You become quite thrifty with your money and materials.

For anyone who knows me, I have always been someone to hunt for a bargain. Having an allotment has increased this sense tenfold! Half dead plant for 50p? I’ll take it! All it needs is a bit of TLC and it will come back to life, but don’t buy things just because they are cheap. You have to find a balance.

There are plenty of things that we have given a second life two down at the allotment. Scrap wood became our work bench, old clothes became our allotment clothing, a tire we found became a herb planter and a bunch of pallets became a compost bin. Almost anything can be given a second life with a little imagination.

Time management.

Time is precious. You have to make the most of the time at the allotment, especially in Winter when a lot of the time the weather isn’t on your side. If you haven’t planted your seeds or prepared the ground in time then you simply won’t have a crop. I’ve found by just putting my seeds in month order and digging a little bit at a time keeps you on top of things, but don’t be lured into a false sense of security.

I could sit here for hours and talk about all the little things we have learnt, but I would say these are the factors that have seeped into our everyday lives. I am grateful for the journey this little patch of land has taken us on, here’s to the next six months and beyond.

Our happy place.

Rain, rain, go away…

With all of the rain recently, it feels like the allotment has turned into a bog! We had to wait two weeks to be able to plant the trees. There was either never a long enough break in the rain to plant them or the ground was too sodden. Luckily, we were able to plant them this week.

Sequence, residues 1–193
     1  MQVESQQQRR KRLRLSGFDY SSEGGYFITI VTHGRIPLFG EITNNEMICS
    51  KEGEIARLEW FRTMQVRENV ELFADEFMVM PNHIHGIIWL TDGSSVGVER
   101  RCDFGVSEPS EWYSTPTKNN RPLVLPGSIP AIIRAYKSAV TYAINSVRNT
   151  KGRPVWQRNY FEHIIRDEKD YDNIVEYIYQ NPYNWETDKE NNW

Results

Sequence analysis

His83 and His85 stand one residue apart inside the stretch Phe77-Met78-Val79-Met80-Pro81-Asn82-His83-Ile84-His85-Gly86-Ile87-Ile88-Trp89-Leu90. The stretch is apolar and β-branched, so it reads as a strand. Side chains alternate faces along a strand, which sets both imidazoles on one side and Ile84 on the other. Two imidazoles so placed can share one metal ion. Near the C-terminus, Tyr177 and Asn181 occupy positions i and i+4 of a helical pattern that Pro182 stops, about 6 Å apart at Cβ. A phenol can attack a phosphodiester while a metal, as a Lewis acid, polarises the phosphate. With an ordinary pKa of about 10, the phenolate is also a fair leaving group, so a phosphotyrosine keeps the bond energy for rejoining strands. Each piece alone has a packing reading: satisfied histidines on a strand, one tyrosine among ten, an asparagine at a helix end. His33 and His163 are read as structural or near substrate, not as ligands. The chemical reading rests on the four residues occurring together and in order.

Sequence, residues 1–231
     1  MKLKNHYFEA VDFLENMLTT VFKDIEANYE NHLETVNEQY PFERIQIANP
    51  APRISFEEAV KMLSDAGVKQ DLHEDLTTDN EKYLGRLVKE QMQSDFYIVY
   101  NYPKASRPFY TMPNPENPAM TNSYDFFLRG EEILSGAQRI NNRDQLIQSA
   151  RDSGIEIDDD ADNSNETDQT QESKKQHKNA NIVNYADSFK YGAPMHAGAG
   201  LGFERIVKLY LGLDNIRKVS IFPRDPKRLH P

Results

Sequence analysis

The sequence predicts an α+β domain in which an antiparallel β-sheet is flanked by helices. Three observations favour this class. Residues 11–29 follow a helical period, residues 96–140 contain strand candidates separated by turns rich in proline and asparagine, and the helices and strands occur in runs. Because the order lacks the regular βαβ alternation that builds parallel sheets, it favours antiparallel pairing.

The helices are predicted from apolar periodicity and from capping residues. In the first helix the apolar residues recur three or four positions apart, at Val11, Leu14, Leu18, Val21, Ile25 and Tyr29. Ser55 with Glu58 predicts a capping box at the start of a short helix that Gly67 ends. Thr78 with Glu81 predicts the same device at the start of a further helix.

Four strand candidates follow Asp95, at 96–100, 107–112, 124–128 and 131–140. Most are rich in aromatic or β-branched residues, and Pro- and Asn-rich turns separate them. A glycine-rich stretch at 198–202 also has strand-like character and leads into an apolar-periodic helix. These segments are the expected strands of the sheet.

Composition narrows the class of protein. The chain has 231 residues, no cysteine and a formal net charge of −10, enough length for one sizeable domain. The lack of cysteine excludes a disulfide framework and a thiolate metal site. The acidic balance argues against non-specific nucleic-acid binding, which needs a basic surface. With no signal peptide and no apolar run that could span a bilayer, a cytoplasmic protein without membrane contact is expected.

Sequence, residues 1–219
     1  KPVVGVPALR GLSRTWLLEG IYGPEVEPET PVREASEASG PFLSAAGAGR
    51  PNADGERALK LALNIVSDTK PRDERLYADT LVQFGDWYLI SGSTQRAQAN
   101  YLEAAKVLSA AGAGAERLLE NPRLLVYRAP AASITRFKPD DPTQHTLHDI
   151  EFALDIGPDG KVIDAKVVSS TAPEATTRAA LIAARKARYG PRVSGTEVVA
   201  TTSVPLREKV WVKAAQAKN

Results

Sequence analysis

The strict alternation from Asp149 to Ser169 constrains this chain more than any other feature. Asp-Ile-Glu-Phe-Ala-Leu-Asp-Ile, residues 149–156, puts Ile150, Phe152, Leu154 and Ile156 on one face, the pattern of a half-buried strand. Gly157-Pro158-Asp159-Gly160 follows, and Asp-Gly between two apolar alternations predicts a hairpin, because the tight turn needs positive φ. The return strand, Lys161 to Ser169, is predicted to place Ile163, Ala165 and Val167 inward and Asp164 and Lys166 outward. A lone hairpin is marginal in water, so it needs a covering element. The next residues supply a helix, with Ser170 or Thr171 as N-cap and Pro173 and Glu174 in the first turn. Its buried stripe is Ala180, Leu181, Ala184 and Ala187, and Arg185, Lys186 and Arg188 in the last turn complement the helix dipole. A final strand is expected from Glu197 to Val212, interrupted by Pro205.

The runner beans have finally been taken down. I removed all of the swollen bean pods and saved the seeds. I can’t believe just how big they’ve swelled. Several people have said they have never seen beans so large, so I must be doing something right! We have left the roots in the ground, as we have heard they are nitrogen rich – but sources vary. They will rot down either way, although it is advised not to plant beans in the same area as the year before.

The bean pods are ready when they have turned brown and the beans are hard.

We have finally harvested our last crop, which was celeriac. It was a win-fail crop. We were given three (or so we thought) plugs and planted them as was, but it turned out that months later the three plugs contained several plants! Our celeriac grew, but no where near to the size it should have. It varied in size, from golf ball to small orange sized. They should be around the size of swede. I don’t think we will try growing these next year.

The first seeds for next season have finally been sown. I adore sweet peas and sowing them now will ensure an earlier bloom. They are now sat in the windowsill of the shed to ensure that they germinate. Naturally, I chose a purple colour palette.

I’ll leave you with the last of the lavender blooms. I had already picked the butterfly lavender (deep purple) a month ot so ago, so I was surprised that it grew back so quickly. The English lavender only produced two stems this year, but that’s two stems more than expected! I can only hope the plants are bursting with lavender next year.